Churchill, Thomas James

Life Span
to
Full name
Thomas James Churchill
Place of Birth
Birth Date Certainty
Exact
Death Date Certainty
Exact
Gender
Male
Race
White
Sectional choice
South
Origins
Slave State
Family
Samuel Churchill (father), Abby Oldham (mother), Ann Sevier (wife, 1849)
Education
Transylvania
Other
Other Education
St. Mary's College, KY
Occupation
Politician
Military
Farmer or Planter
Political Parties
Democratic
Government
Buchanan Administration (1857-61)
Governor
Other state government
Military
US military (Pre-Civil War)
Confederate Army

Thomas James Churchill (American National Bibliography)

Scholarship
When [Brigadier General Thomas James] Churchill reached Little Rock, Lieutenant General Theophilus H. Holmes assigned him to command troops stationed at Fort Hindman, located at Arkansas Post on the Arkansas River. Union land and naval forces under Major General John A. McClernand and Admiral David D. Porter moved against the fort in January 1863. Of the approximately 6,000 men in the garrison, Churchill estimated that only 3,000 of them were actually available to fight. He asked Holmes for some reinforcements and more weapons but was told "to hold out until help arrived or all dead." Federal troops overran part of the Confederate lines on 11 January, and some of Churchill's troops raised unauthorized white flags, forcing him to surrender the remainder of the garrison. For three months, Churchill remained a prisoner of war at Camp Chase, Ohio. He was assigned to the Army of Tennessee after his exchange and assumed command of a brigade in Major General Patrick R. Cleburne's division. Churchill suffered the stigma of the loss of Arkansas Post and was replaced in brigade command in August 1863.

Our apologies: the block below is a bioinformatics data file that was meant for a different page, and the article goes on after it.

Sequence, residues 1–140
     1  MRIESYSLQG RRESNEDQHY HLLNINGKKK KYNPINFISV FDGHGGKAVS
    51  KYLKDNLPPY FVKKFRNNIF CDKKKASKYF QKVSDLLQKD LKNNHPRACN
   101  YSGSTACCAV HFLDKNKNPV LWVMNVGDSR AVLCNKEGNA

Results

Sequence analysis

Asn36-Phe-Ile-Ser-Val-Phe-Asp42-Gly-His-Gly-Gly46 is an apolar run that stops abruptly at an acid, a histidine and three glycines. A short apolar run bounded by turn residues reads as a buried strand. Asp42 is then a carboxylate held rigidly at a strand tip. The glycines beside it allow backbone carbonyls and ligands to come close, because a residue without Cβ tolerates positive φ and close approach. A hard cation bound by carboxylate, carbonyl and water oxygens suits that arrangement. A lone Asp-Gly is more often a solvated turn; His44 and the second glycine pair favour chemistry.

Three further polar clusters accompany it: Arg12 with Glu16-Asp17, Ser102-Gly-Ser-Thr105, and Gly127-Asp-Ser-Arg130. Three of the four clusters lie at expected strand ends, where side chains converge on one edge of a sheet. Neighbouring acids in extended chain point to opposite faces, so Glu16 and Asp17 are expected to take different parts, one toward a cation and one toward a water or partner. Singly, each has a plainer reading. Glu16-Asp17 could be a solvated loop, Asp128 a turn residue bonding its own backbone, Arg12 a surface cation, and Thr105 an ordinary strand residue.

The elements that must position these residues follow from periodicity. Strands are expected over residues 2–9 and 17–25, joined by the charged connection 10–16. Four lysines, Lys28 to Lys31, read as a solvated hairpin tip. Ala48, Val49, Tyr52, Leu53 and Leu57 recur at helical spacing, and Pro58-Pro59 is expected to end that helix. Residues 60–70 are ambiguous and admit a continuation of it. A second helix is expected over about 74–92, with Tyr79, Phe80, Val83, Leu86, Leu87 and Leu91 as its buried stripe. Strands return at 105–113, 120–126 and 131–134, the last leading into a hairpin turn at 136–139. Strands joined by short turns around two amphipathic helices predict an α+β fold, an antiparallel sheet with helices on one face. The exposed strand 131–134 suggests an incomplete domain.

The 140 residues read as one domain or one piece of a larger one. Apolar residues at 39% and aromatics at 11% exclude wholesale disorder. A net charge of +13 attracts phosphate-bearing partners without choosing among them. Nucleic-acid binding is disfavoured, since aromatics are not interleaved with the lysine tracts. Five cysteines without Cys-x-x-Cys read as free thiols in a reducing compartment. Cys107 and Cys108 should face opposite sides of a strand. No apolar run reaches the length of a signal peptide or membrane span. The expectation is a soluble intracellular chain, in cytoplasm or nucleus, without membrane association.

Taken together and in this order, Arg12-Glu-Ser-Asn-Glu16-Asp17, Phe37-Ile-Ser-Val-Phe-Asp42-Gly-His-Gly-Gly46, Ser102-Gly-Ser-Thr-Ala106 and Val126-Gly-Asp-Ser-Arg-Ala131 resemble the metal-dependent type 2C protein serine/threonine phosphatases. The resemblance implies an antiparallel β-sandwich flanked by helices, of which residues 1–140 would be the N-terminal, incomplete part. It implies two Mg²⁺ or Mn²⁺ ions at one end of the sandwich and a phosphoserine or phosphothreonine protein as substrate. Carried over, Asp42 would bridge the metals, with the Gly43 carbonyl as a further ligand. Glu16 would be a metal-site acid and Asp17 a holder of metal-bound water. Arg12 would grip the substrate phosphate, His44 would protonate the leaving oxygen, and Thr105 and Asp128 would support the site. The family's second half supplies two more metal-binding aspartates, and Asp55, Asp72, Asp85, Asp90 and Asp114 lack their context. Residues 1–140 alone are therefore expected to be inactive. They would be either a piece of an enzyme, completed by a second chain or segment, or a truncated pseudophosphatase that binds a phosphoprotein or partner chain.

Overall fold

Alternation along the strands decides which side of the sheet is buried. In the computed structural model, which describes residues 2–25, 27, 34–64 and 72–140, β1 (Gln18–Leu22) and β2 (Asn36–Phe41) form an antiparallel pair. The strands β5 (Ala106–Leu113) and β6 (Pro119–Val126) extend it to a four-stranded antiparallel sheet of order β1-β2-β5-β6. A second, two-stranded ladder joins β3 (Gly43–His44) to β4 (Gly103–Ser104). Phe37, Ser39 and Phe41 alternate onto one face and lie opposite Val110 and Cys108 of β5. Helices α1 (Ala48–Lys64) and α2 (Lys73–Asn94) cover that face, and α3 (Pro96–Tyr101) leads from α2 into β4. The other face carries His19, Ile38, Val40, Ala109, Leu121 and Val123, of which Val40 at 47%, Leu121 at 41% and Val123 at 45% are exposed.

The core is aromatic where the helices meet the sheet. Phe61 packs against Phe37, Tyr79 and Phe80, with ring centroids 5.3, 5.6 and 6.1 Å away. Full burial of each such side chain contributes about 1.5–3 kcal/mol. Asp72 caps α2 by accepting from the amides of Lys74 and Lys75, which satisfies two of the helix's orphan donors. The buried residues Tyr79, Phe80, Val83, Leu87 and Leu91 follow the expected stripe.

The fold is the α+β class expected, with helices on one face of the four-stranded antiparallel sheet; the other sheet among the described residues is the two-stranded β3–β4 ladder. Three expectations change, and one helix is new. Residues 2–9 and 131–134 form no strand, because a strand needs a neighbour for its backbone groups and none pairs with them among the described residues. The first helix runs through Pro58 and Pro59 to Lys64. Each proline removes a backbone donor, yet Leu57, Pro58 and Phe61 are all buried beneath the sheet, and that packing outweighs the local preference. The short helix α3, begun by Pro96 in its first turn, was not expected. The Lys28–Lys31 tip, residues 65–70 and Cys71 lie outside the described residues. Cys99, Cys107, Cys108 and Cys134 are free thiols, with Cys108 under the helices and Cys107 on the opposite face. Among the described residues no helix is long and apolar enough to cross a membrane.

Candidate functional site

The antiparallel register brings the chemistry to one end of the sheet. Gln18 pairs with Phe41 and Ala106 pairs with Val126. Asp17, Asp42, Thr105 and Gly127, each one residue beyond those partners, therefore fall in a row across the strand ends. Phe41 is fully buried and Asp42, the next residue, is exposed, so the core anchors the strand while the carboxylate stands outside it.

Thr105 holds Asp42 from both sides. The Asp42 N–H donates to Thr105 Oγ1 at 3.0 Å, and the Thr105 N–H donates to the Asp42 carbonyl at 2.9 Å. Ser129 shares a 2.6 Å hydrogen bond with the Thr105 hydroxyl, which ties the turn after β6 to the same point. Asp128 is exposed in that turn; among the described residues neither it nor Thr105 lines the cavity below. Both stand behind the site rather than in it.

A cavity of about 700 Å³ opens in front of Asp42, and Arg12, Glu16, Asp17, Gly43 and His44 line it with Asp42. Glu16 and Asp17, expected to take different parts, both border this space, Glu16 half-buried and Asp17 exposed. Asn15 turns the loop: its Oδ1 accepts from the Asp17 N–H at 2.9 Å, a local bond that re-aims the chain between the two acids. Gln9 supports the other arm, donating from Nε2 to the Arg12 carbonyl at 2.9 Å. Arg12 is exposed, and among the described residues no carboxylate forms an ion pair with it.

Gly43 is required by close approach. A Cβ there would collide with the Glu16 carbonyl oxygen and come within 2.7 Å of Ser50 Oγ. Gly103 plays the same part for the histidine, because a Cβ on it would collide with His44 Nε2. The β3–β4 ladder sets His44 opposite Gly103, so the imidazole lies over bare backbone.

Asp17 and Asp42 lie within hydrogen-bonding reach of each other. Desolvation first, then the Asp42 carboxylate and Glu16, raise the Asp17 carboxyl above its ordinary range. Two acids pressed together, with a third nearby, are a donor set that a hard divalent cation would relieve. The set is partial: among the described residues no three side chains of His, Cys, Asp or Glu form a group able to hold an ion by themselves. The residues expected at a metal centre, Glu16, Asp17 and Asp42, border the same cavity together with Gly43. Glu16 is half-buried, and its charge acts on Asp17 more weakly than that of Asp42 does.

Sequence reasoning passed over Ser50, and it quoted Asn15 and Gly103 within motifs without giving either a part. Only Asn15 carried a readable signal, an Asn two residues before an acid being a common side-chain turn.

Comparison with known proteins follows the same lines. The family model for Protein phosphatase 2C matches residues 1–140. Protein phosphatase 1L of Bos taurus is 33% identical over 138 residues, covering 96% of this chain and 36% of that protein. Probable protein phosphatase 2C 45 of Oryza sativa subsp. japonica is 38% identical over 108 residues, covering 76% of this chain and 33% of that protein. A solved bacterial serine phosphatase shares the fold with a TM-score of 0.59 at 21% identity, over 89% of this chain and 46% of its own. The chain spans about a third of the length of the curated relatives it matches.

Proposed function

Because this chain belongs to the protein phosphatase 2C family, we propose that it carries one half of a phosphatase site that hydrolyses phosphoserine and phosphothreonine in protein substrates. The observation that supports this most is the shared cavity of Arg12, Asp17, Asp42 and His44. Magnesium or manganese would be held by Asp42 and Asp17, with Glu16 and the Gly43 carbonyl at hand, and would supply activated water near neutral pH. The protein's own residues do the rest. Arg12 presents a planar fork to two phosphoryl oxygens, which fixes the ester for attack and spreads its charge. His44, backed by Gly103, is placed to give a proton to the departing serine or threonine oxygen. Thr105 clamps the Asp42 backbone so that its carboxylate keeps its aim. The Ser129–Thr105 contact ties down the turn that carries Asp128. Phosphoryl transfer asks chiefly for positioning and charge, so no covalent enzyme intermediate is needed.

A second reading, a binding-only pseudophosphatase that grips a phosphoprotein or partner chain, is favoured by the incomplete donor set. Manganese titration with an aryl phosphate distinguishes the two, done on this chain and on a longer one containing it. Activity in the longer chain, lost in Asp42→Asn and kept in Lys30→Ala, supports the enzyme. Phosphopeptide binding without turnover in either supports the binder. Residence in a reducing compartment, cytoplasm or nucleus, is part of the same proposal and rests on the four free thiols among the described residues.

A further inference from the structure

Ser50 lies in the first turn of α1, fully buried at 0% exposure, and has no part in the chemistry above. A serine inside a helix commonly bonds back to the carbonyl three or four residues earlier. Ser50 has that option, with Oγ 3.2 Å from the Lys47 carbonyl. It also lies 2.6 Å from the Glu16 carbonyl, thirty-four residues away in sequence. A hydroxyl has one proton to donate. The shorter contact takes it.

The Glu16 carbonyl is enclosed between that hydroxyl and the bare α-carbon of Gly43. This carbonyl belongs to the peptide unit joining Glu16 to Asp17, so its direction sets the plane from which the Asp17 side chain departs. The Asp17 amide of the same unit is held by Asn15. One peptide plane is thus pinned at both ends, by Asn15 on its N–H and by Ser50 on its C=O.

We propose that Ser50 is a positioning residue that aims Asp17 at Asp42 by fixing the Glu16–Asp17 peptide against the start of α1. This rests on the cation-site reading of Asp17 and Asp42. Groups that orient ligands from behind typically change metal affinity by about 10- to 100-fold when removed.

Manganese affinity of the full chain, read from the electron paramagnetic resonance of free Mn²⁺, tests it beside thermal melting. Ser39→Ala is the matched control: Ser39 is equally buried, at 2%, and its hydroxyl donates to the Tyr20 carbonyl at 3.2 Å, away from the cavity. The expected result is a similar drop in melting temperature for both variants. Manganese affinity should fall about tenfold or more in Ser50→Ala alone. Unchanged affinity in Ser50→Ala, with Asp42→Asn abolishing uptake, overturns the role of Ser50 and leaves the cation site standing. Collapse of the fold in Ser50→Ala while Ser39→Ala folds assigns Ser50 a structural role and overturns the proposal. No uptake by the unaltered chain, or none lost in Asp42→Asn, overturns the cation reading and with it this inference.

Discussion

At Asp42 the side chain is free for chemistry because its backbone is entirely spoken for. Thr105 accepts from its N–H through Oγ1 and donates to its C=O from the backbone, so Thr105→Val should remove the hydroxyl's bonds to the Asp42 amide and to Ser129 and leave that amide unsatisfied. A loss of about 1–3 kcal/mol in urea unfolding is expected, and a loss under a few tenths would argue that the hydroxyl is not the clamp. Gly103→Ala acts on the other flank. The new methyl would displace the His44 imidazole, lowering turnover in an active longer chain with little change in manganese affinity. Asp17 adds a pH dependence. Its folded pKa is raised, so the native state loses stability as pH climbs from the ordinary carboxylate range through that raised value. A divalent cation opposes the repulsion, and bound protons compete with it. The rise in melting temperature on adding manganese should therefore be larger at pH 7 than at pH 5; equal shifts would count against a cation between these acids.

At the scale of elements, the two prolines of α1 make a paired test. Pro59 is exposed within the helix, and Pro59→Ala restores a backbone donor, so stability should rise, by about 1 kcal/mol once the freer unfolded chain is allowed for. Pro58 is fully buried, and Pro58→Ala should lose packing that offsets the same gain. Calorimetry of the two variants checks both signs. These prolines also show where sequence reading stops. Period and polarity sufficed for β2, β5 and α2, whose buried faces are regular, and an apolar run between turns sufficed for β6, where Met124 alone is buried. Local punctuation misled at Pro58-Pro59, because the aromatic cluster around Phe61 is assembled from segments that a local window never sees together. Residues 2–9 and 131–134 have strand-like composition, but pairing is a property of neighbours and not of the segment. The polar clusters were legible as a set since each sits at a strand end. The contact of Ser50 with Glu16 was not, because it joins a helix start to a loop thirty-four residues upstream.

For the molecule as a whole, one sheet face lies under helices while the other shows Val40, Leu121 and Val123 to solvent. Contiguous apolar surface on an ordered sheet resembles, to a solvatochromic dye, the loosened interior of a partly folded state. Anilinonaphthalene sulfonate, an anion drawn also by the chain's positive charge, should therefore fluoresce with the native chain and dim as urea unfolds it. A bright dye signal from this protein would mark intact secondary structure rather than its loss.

Arthur W. Bergeron, "Churchill, Thomas James," American National Biography Online, February 2000, http://www.anb.org/articles/04/04-00230.html.
How to Cite This Page: "Churchill, Thomas James," House Divided: The Civil War Research Engine at Dickinson College, http://hd.housedivided.dickinson.edu/node/5389.